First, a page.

Brizard to name a school in NYC with a demographic similar to Tilden that was doing significantly better. He named Transit Tech as a positive comparison. I asked if he could name a school more similiar to us than that one and he declined. According to the schools' report cards (showing figures for 2004-05) , at Transit Tech 15.5 percent of incoming 9th and 10th
graders were overaged. For Tilden it was 50.5 percent. Three percent of Transit Tech's student were classified as recent immigrants compared with 22.9 for Tilden. In other words, the demographic similarities are rather elusive, aside from the bare fact that most of the students are minority. (And one should add it's not likely that Superintendent Brizard's daughter will be going to Transit Tech either.)

The detachment from our reality is no surprise. The attitude from the top administrators is one of blanket condemnation. Mayor Bloomberg has suggested large schools are inherently unmanageable. There's such a indifference toward the specific challenges that schools face and it amounts to disownership. Yet this stands in sharp contrast to the close scrutinity, the walkthroughs and reviews which schools must devote extensive time to preparing for. The Quality School Review which required three days of visits created the illusion that the evaluation would mean something.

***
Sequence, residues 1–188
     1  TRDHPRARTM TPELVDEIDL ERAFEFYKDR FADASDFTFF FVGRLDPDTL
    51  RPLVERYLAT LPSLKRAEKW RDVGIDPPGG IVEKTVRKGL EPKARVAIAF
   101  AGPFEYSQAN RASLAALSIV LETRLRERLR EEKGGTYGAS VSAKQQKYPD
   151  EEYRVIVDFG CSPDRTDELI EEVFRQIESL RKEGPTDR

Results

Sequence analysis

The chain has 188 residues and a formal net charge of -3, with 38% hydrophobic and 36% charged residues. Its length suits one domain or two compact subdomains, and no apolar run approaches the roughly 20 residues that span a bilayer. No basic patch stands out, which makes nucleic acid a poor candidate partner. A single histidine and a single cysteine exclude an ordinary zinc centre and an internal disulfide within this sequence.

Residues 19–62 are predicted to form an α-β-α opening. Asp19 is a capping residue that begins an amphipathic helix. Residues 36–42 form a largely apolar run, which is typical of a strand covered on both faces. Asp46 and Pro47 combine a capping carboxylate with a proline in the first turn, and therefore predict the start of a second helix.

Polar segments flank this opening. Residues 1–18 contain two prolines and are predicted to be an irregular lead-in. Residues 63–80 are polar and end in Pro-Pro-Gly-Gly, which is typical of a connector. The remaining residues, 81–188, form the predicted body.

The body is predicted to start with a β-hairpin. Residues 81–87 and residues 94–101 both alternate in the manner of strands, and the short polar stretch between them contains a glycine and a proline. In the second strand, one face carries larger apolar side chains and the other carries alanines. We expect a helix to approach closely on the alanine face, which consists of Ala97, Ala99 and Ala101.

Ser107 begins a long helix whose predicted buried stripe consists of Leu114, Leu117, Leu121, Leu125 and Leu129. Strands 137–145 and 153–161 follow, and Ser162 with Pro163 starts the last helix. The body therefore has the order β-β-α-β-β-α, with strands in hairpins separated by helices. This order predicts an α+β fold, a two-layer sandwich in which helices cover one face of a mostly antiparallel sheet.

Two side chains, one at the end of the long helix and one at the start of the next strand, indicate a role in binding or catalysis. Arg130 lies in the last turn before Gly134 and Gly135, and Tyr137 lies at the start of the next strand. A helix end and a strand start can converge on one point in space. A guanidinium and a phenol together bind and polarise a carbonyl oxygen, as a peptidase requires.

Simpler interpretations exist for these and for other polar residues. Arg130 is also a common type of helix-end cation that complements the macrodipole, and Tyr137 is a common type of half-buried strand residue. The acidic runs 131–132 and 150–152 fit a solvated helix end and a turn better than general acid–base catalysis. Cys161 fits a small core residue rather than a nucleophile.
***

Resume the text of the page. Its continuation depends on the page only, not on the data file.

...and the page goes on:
I think it's significant that the data was ignored but I wouldn't suggest that schools with worse evaluations should be closed instead of Tilden. Nothing good and a whole lot of damage has come from this targeting and condemnation of high schools. After the publicity of Tilden's positive rating on the School Quality Review, the UFT leadership appears to be coming around to a position that Tilden looks better on paper than they thought. If they decide to defend us that's fine but I'm afraid they will continue to take a 'devil take the hindmost' perspective without
questioning why the wholesale closings are taking place and what the impact is.